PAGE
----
“And let us not grow weary of doing good, for in due season we will reap, if we do not give up.” Galatians 6:9
I’ve never been a runner. In fact, I’m fairly sure I’m allergic to treadmills.
Don’t get me wrong – if there is a purpose to the running, I’m all for it: running as part of a football match or running away from lions, bears, and other dangerous animals. Heck, I’ve even run for a train from time to time.
I think the aversion to running came from cross country at school. Those freezing cold mornings, the mud, the ditches full of ice, and the sadistic PE teachers screaming at you to push harder, to run faster, to not give up.
And then there’s the wall; that metaphorical pain barrier that every runner has to push through in order to complete the race before them.
I’m pretty sure if I’d paid more attention in school I’d remember the science behind it – something about our muscles running out of certain types of energy and having to switch over to function in a different way. You don’t need to look far to hear professional endurance athletes describing their own experiences of hitting the ‘wall’ and needing to push through it.
Last week we hit the midpoint of Lent.
This week I’ve hit the wall.
For a multitude of reasons this last week has been a tough one and the generosity challenges from 40acts have been stacking up in the inbox, left undone. In truth, I might not get to all of them before this side of Easter.
This is the wall, which I suspect anyone doing the Lenten fast will hit at some point. In fact, forget just Lent, we’ll all have those moments in life when events knock us sidewards, where we feel like we’re walking – not running! – out of step with God, when it all just gets too much.
So how do we break through it? For me this week, it was Beccy.
I first met Beccy at a conference a year ago. She’s part of the leadership team of a thriving church, is a wife, a mother, and has the most cheery character. When we met last year she was excited to hear I worked at Stewardship because she too, was a fan of 40acts and had been following the acts each day.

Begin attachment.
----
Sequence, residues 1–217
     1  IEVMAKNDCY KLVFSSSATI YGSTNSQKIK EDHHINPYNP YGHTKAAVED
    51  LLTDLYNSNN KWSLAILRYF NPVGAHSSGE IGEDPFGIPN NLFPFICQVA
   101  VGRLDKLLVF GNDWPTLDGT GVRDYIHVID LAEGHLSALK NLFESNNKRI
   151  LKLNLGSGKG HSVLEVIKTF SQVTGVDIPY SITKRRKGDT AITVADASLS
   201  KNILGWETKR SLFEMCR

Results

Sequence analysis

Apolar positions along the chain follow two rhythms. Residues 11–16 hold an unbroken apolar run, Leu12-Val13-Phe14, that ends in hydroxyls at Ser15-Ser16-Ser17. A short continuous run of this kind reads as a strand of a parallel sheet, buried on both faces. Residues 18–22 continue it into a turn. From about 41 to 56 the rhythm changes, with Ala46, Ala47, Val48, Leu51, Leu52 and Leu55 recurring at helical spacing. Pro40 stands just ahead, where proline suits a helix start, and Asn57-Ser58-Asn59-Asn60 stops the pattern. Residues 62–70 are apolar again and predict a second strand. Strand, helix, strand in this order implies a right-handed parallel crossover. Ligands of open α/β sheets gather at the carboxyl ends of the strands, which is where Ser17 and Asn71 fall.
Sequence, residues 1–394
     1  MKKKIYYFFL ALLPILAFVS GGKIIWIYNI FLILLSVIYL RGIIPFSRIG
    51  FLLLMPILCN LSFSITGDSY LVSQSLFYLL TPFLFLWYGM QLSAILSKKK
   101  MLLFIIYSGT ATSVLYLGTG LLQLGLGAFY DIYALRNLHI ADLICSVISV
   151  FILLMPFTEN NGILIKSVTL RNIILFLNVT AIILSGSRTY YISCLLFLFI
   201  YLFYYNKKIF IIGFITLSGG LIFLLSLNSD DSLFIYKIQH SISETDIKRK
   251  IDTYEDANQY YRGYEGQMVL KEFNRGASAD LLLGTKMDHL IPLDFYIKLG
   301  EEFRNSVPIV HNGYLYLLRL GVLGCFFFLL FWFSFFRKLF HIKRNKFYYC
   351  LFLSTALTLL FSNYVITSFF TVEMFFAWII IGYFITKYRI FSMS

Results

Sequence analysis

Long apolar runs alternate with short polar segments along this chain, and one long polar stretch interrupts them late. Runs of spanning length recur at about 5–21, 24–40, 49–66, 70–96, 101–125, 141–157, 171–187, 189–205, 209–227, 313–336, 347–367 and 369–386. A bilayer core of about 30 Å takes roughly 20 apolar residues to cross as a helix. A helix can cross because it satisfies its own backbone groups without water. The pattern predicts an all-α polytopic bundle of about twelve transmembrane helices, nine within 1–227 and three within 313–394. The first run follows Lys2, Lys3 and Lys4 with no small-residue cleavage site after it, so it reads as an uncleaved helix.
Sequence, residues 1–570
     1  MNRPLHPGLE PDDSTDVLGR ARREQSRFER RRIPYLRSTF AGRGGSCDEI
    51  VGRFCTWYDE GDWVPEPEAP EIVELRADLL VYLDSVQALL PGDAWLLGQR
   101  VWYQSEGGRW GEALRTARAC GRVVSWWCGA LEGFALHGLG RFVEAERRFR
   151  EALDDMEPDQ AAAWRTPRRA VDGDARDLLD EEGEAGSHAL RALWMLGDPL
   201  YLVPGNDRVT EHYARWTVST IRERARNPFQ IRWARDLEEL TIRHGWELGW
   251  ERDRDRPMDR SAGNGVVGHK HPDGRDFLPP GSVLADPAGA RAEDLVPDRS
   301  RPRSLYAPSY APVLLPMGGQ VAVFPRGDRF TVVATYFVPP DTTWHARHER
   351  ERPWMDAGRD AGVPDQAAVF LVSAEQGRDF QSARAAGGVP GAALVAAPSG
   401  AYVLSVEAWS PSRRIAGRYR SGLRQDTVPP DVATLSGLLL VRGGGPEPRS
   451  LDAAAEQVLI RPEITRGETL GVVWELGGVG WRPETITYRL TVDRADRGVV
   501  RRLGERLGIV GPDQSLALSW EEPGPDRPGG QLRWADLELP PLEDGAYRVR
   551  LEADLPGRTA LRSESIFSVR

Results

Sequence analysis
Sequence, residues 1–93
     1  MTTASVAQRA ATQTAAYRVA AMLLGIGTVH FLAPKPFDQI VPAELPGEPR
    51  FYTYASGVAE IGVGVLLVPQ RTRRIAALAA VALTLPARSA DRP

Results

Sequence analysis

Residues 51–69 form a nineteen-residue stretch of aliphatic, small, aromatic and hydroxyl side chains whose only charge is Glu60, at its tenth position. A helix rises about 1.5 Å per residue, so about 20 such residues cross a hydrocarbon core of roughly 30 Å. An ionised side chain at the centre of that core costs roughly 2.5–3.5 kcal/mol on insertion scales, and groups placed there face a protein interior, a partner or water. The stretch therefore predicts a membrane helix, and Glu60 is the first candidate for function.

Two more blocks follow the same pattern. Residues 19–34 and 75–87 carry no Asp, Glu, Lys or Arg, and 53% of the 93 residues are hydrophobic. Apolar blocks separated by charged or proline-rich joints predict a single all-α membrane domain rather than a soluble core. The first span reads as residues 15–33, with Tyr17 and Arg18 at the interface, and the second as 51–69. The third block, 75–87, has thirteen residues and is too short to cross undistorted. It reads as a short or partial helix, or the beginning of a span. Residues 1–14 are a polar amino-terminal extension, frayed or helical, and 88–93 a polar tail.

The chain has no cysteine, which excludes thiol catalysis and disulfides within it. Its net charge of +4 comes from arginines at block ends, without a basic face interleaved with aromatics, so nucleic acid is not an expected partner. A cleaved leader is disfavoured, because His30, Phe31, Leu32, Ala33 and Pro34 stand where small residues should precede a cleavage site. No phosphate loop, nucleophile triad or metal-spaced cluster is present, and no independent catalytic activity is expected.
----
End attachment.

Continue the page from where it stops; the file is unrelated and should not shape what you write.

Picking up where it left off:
This week, at a similar conference, I ran – ok, walked – into Beccy. Still smiling, still encouraging and still taking part in 40acts again this year – and she’s even persuaded her daughter to join in the fun, as well.
So there I was, having hit the wall, and Beccy told me a little story from the week before, as an encouragement to take back to the 40acts team.
Beccy explained that the other week she’d been out shopping and had been praying about her generosity challenges and felt moved to buy a big bunch of flowers. She told me that she didn’t know who they would be for, but she continued to pray that she would have an opportunity to share them with the right person at the right time.
After a day of praying and wondering what to do with the flowers she found a recipient – the perfect recipient. It would be wrong to share the details of how the story unfolded, but I sat, enthralled – and, I’m not ashamed to say, just a little bit emotional – as she told me how that simple gift of flowers allowed her to stand in solidarity and love with a family experiencing sudden and painful grief.
Beccy’s testimony got me through the wall.
Without knowing it, her story, that bunch of flowers, were like a well-timed water stop during a marathon. A less sadistic version of my old PE teacher, willing me on in my generous journey by sharing the joy that she has experienced in hers.
Speaking of those old teachers – why did they scream at us week in and week out? Looking back, I can see their actions differently now. They weren’t screaming for screaming’s sake – they just knew what we needed, as moody, non-compliant teenagers, to get through the wall. And they did it because they’d all run the course many times before – they knew the obstacles that lay ahead, and they’d all experienced the thrill of pushing themselves to the finish line and completing the course.
Lent. Life. This is not a solo race.
We’ll all cross the finish line eventually. Some may look like they get there quicker than others, but this is a team pursuit – we are the body of Christ.
If I’ve had a bad week this week and haven’t been as generous as I’d hoped, that’s ok. Others have been picking up the pace and being generous in the name of Jesus in my place.
And next week, or the week after, I’ll pick up the pace and push myself harder to give others the chance to rest. We run together.